Wednesday, June 13, 10:45am–12:15pm
Ed Dennehy, Luis Catala, Gretchen Biesecker, and J.J. Bartlett, Fishing Partnership Support Services (FPSS)
Ground fishermen are 37 times more likely to die on the job than policemen, and New England’s waters are among the most dangerous in the country. Safety and Survival Training can be life- saving for everyone on a boat; research from Alaska shows that their fishing industry became significantly safer over the past decade following the implementation of a safety training program (Lincoln, 1999). Fishing Partnership Support Services (FPSS) offers free one-day survival training programs and gives fishermen the chance to learn from Coast Guard-Certified Fishing Vessel Safety Instructors in these vital modules: Man-Overboard Procedures; Fire Fighting; Flooding & Pump Operation; Flares & EPIRBS; Survival Suits; Life Raft Equipment; Helicopter Hoist Procedures; and Opioid Awareness and Basic First Aid. Increasing safety, thus reducing accidents and deaths, improves the economic stability of fishing families. This reduces the burden on the health safety net; families are more likely to avoid financial ruin when a member of their household is not subject to a serious injury or death.
This panel will share how Safety and Survival Training are conducted by FPSS in New England, as well as the program evaluation we are conducting in partnership with external researchers, to learn and improve this program and its impact. Four presentations will provide a holistic window into our work.
8D.1 Background, Curriculum, and Implementation
Ed Dennehy and Luis Catala, who lead our training programs, will provide historical background and an overview of how safety training is conducted by FPSS. Their presentation will include the origins of safety training in New England, how we approach recruitment, partnerships, curriculum, and innovations to our trainings.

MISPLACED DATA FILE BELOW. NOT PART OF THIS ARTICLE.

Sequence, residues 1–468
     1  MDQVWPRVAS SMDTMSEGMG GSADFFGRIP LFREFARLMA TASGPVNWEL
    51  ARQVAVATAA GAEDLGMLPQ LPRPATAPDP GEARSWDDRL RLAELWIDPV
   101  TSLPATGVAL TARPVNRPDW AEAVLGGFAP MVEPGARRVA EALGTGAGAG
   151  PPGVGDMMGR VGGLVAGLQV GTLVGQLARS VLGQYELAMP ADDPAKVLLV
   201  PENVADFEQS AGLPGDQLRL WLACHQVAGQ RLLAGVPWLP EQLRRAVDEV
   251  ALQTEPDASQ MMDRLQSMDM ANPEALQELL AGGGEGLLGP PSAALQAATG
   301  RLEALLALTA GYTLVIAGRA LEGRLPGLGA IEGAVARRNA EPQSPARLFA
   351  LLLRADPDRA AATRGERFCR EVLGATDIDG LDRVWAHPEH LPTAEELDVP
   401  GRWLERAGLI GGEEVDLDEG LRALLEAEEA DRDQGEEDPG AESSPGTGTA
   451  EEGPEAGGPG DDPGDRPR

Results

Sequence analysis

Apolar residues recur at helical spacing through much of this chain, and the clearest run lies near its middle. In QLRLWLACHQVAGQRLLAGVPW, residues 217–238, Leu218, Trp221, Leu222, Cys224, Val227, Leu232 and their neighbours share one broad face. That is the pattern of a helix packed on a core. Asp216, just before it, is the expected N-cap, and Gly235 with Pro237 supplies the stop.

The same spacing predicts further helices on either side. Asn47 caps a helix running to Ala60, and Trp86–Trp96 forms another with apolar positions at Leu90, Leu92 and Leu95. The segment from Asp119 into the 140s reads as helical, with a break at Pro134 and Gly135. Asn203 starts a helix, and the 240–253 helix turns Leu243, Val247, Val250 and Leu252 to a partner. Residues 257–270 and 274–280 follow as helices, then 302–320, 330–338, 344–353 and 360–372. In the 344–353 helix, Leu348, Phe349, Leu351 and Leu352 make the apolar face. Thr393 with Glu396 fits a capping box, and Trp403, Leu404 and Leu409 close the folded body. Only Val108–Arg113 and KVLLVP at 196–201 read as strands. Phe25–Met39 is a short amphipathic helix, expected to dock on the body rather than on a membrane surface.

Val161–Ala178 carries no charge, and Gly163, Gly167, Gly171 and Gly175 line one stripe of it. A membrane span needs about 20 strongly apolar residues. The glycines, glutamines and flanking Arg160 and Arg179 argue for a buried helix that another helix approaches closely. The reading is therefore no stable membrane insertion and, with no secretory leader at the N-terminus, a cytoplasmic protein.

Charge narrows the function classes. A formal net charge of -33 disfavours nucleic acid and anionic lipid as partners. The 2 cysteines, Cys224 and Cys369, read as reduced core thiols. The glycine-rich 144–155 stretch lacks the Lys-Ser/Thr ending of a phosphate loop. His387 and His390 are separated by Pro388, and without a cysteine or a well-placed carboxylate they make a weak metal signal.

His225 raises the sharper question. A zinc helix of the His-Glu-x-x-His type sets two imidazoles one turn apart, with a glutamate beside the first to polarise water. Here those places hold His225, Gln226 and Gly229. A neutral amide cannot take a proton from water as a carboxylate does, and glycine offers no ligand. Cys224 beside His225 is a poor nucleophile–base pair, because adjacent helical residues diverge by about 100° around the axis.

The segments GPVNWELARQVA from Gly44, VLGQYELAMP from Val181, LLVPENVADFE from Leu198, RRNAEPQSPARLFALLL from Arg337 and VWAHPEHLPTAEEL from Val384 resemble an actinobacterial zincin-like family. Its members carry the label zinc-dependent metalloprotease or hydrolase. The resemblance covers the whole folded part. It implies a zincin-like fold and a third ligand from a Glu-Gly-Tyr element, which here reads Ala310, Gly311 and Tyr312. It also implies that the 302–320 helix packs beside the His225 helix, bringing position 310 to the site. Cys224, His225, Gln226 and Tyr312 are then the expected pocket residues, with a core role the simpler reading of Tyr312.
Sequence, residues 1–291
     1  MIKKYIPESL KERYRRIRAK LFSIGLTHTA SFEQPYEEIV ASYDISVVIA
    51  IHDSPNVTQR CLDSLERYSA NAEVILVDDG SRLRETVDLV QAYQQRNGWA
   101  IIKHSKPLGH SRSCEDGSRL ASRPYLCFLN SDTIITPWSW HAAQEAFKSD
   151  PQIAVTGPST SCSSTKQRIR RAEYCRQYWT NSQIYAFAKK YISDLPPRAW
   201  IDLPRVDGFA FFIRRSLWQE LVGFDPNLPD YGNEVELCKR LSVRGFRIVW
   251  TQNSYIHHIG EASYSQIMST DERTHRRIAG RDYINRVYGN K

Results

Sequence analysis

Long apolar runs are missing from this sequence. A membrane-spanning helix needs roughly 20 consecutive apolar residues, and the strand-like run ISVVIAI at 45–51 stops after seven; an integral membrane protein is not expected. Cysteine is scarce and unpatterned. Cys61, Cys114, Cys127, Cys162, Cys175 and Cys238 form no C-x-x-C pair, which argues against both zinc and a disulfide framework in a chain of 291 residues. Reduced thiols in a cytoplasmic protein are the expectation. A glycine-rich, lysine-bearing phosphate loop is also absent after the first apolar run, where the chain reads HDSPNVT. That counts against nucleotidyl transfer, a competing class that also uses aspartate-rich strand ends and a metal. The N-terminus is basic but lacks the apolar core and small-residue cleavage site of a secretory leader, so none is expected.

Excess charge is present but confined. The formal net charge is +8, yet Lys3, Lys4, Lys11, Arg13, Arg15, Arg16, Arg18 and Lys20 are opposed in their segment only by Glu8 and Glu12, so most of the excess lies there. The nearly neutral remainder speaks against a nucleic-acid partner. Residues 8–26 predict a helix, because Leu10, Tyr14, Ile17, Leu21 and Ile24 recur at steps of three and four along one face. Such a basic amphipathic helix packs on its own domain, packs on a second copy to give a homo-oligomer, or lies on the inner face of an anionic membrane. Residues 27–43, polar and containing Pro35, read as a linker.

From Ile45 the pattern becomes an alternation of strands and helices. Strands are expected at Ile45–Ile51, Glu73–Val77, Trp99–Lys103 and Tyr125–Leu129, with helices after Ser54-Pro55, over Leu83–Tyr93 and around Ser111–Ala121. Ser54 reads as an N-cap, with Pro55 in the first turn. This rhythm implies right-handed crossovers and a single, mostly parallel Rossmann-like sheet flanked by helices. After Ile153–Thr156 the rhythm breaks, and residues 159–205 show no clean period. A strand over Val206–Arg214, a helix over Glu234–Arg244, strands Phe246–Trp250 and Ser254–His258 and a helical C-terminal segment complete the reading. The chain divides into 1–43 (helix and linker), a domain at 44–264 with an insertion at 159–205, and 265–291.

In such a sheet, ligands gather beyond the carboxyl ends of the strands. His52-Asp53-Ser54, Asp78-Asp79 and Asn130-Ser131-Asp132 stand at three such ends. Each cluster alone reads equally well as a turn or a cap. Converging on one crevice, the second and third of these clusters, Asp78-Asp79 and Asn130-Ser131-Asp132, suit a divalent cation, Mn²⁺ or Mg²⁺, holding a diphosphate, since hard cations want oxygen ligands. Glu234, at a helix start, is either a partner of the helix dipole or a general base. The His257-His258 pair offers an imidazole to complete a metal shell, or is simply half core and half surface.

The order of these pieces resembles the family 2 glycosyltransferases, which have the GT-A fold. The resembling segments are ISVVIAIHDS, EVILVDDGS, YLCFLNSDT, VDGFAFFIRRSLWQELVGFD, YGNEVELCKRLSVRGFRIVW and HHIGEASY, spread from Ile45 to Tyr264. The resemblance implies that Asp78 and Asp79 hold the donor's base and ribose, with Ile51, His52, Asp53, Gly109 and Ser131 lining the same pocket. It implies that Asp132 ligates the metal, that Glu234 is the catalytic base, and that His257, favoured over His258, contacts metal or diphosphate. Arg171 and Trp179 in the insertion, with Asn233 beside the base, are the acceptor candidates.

8D.2 Program Evaluation and Research
Gretchen Biesecker, Ph.D., who leads our Evaluation and Research, will share how FPSS evaluates these trainings, including an overview of methods and findings from the past several years of course surveys. Her presentation will spotlight some of our success stories in research, training, and industry collaboration. For instance, she will describe how partnerships with universities and the Northeast Center for Occupational Health and Safety, the University of Massachusetts-Lowell, and Tufts University, are helping FPSS learn more about safety concerns and preferences among fishermen. For instance, Maggie Brown, a graduate student in Urban and Environmental Policy at Tufts University, is conducting research with FPSS for her masters thesis. Maggie’s thesis includes exploratory case studies of other safety training programs for fishermen with views into outreach strategy, geographic range, and training components. Her investigation will examine the extent to which the most at-risk fishermen and sectors are attending safety trainings or if there are groups of fishermen who are under-represented. An aim of this research is to help FPSS and other groups concerned about the well-being of fishermen enhance and improve targeted outreach.
8D.3 What’s Next? How FPSS and Policy Are Evolving
Last, J.J. Bartlett, FPSS’s President will share what’s next for FPSS and emerging conversations and opportunities at the federal level to address the safety and survival training needs of commercial fishermen. He’ll engage attendees in a Q&A and conversation for us to learn more about the questions and work of others in this area.